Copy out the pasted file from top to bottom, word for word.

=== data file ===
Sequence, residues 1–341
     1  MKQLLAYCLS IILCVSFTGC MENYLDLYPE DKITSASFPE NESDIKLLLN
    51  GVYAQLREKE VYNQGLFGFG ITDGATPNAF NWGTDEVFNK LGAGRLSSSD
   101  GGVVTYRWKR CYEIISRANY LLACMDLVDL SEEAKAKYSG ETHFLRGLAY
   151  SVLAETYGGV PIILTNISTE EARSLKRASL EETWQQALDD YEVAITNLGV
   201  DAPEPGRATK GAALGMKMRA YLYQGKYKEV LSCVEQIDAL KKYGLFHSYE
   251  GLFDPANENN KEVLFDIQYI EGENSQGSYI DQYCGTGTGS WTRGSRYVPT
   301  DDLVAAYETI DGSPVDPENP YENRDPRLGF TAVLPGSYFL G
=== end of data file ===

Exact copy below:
Sequence, residues 1–341
     1  MKQLLAYCLS IILCVSFTGC MENYLDLYPE DKITSASFPE NESDIKLLLN
    51  GVYAQLREKE VYNQGLFGFG ITDGATPNAF NWGTDEVFNK LGAGRLSSSD
   101  GGVVTYRWKR CYEIISRANY LLACMDLVDL SEEAKAKYSG ETHFLRGLAY
   151  SVLAETYGGV PIILTNISTE EARSLKRASL EETWQQALDD YEVAITNLGV
   201  DAPEPGRATK GAALGMKMRA YLYQGKYKEV LSCVEQIDAL KKYGLFHSYE
   251  GLFDPANENN KEVLFDIQYI EGENSQGSYI DQYCGTGTGS WTRGSRYVPT
   301  DDLVAAYETI DGSPVDPENP YENRDPRLGF TAVLPGSYFL G